No No Boy Summary and Study Guide

John Okada

No No Boy

  • 34-page comprehensive study guide
  • Features 11 chapter summaries and 5 sections of expert analysis
  • Written by an English instructor with a Master's degree in English
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No No Boy Summary and Study Guide

SuperSummary, a modern alternative to SparkNotes and CliffsNotes, offers high-quality study guides for challenging works of literature. This 34-page guide for “No No Boy” by John Okada includes detailed chapter summaries and analysis covering 11 chapters, as well as several more in-depth sections of expert-written literary analysis. Featured content includes commentary on major characters, 25 important quotes, essay topics, and key themes like Prejudice in Pluralistic America and Intergenerational Divides.

Plot Summary

The novel dramatizes thestruggles of twenty-five-year-old Ichiro Yamada as he returns home after two years spent in prison. Ichiro is a no-no boy, meaning that in response to the 1943 questionnaire entitled “Statement of U.S. Citizenship of Japanese American Ancestry,” he answered no to questions 27 and 28. These questions asked respondents first, if they would serve in the U.S. military whenever ordered and second, if they would forswear allegiance to the Emperor of Japan or any other foreign power. Throughout the novel, Ichiro continually examines his own motives for answering no to these questions. Was he angry about internment? Was he a pawn of his mother who refuses to assimilate in any way whatsoever? Was he a coward or a fool? Ichiro wonders what the future now holds for him in America; the book maps his journey to figure that out. Ichiro attempts to reconnect with family, friends, and old acquaintances, desperate to resolve whether he is Japanese or American. Is America a place of promise that welcomes people of all backgrounds, or a place of prejudice where minorities are excluded? These are the questions Ichiro desperately seeks to answer.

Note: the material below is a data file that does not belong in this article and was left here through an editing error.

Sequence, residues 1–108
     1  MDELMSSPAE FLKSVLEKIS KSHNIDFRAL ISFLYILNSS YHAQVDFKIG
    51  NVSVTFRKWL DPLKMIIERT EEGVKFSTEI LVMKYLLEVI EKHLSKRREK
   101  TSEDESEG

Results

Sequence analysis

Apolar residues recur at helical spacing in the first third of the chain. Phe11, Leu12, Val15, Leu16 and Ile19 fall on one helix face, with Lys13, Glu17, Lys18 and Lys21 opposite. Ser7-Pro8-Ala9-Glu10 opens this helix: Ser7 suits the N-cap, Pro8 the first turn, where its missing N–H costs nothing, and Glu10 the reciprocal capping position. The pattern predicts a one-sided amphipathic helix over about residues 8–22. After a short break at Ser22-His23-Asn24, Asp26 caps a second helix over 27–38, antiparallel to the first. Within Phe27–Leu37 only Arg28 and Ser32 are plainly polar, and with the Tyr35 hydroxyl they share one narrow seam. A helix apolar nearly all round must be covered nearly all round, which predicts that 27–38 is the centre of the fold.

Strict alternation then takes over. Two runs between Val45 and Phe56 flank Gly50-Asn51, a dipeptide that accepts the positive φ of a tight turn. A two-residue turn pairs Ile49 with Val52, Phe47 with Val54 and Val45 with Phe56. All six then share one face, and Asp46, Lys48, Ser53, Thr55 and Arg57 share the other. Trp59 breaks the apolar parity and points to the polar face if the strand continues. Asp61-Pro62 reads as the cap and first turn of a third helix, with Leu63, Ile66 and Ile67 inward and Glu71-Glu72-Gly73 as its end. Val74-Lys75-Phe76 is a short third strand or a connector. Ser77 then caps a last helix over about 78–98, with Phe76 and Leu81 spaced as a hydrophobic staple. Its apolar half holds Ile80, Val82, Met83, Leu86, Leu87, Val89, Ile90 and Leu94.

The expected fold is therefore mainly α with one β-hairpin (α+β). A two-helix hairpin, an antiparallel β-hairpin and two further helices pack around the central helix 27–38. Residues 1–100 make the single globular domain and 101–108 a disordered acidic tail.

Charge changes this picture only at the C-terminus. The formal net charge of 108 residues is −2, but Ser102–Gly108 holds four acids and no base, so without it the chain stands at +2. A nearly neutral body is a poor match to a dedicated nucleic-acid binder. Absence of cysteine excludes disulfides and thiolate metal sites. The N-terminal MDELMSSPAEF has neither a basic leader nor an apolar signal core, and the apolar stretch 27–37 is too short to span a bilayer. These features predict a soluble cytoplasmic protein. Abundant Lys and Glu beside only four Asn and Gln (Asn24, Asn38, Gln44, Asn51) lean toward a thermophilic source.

His journey includes reuniting with childhood friends, trying to connect with his parents and younger brother, and visiting Japanese neighbors who have been galvanized by the war. He travels to old college haunts to see if he might pick up the pieces of his old life. He drowns his sorrows in alcohol at Club Oriental, in revelry at the pool hall and in intimate moments in bed with a woman, Emi, who shares his quandaries. Ichiro turns down opportunities from different well-meaning Caucasians who use Ichiro to alleviate their own guilt for the Japanese Internment. Ichiro witnesses addiction—in his father who drinks to forget his pain and his friend Freddie who escapes from shame and anger in gambling and womanizing. Ichiro experiences great loss—of his mother who commits suicide rather than see her sons become Americanized, of his friend Freddie who finally succumbs to his own fatalism, and of his friend Kenji who dies of war wounds.

The book offers no easy answers. Ichiro does not save his mother. He does not patch things up with his brother. His father does not recover from his addiction. Ichiro does not get the perfect job or have an idealized romance. The book is unflinching is its exploration of racism, assimilation, and the quest for a place in American society. It ends with Ichiro still chasing “that faint and elusive insinuation of promise as it continued to take shape in mind and heart.”

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Chapters 1-3